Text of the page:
DHCP Failover on OpenBSD

I have been running a DHCP server on my home network for eons now, and today I decided I’d move it on to my OpenBSD firewall cluster. It probably really shouldn’t be there but I already run a handful of other internal services there, like DNS, and NTP. Running DHCP on the firewall cluster also means that I can upgrade any machine on my network without losing internet access. Here’s how I got it set up and working.


I assume you already have a working dhcpd configuration for your single server, if you don’t, then you can get a basic DHCP configuration from the OpenBSD FAQ.

You need ISC’s DHCP server (at least version 3), to do DHCP failover. As of OpenBSD 4.1, they ship version 2 by default. You can get version 3 out of the packages tree by installing isc-dhcp-server-3.0.4p0.tgz. It installs itself into /usr/local, so if you want to view the man pages, you have to do something like:

export MANPATH=/usr/share/man:/usr/local/man

otherwise, you won’t see the new man pages for the config files.
Once you have it installed, you need to get it configured to run at startup. I did it by adding the following lines to my /etc/rc.conf.local file:

# turn on dhcpd3
dhcpd3=YES
dhcpd3_flags="-pf /var/run/dhcpd.pid"

I then added some stuff to my /etc/rc.local file:

# ISC dhcpd3 with failover configured
if [ X"${dhcpd3}" == X"YES" -a -x /usr/local/sbin/dhcpd -a -f /etc/dhcpd.conf ]; then
  touch /var/db/dhcpd.leases
  if [ -f /etc/dhcpd.interfaces ]; then
    dhcpd_ifs=`stripcom /etc/dhcpd.interfaces`
  fi
  echo -n ' dhcpd'
  /usr/local/sbin/dhcpd ${dhcpd3_flags} ${dhcpd_ifs}
fi

This will get the new version of DHCP started at boot time. You ought to remember to disable the other dhcpd by putting this line in your rc.conf.local:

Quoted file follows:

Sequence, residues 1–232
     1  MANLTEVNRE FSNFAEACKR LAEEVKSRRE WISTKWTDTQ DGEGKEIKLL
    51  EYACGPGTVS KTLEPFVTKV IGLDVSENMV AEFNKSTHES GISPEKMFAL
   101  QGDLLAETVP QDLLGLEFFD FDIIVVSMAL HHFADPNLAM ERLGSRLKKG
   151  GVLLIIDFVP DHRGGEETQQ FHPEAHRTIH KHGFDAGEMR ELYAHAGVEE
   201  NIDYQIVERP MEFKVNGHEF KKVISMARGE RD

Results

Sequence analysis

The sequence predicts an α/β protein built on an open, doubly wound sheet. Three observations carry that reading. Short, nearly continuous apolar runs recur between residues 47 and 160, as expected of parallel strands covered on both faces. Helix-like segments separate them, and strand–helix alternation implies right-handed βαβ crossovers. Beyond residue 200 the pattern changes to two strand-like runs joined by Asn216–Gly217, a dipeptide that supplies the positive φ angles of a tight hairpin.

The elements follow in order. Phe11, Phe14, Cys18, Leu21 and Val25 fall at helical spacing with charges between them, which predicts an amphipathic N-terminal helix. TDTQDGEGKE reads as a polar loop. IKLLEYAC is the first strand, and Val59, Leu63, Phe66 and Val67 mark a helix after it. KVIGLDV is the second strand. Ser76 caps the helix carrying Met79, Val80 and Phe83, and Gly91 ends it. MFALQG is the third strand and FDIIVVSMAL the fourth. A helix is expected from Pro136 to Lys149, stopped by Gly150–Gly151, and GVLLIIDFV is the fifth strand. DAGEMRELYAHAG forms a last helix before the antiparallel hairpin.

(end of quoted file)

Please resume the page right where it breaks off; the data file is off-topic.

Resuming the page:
dhcpd_flags=NO          # for normal use: ""

No that you are already to start it up, we need to get the /etc/dhcpd.conf file ready. You probably already have one configured and working. If so then just do something like:

# mv /etc/dhcpd.conf /etc/dhcpd.master

and then create a new dhcpd.conf file for your primary node that looks like this:

#
# dhcpd configuration
#
# failover definition
failover peer "dhcp-failover" {
  primary; # declare ourselves primary
  address 192.168.13.6;
  port 520;
  peer address 192.168.13.7;
  peer port 520;
  max-response-delay 10;
  max-unacked-updates 10;
  load balance max seconds 3;
  mclt 1800;
  split 128;
}
# include the rest.  This allows us to copy dhcpd.master
# between the two machines safely
include "/etc/dhcpd.master";

The method to my madness is simple. The contents of /etc/dhcpd.master can be exactly replicated between you two dhcp servers. This is where you will have all your subnets, ranges, mac addresses, etc.etc. Use your favorite method to keep them synched. The contents of /etc/dhcpd.conf are different on the primary dhcp server and the secondary. You obviously wouldn’t want to be copying them all over the place.
Some comments on the new dhcpd.conf file. The “dhcp-failover” string in the

failover peer "dhcp-failover" {

line can be whatever you want, but we’re going to use it in several other places, and it has to be the same in all of those places. You would of course replace the appropriate address and peer address IP addresses with the ones of the two servers you will be balancing.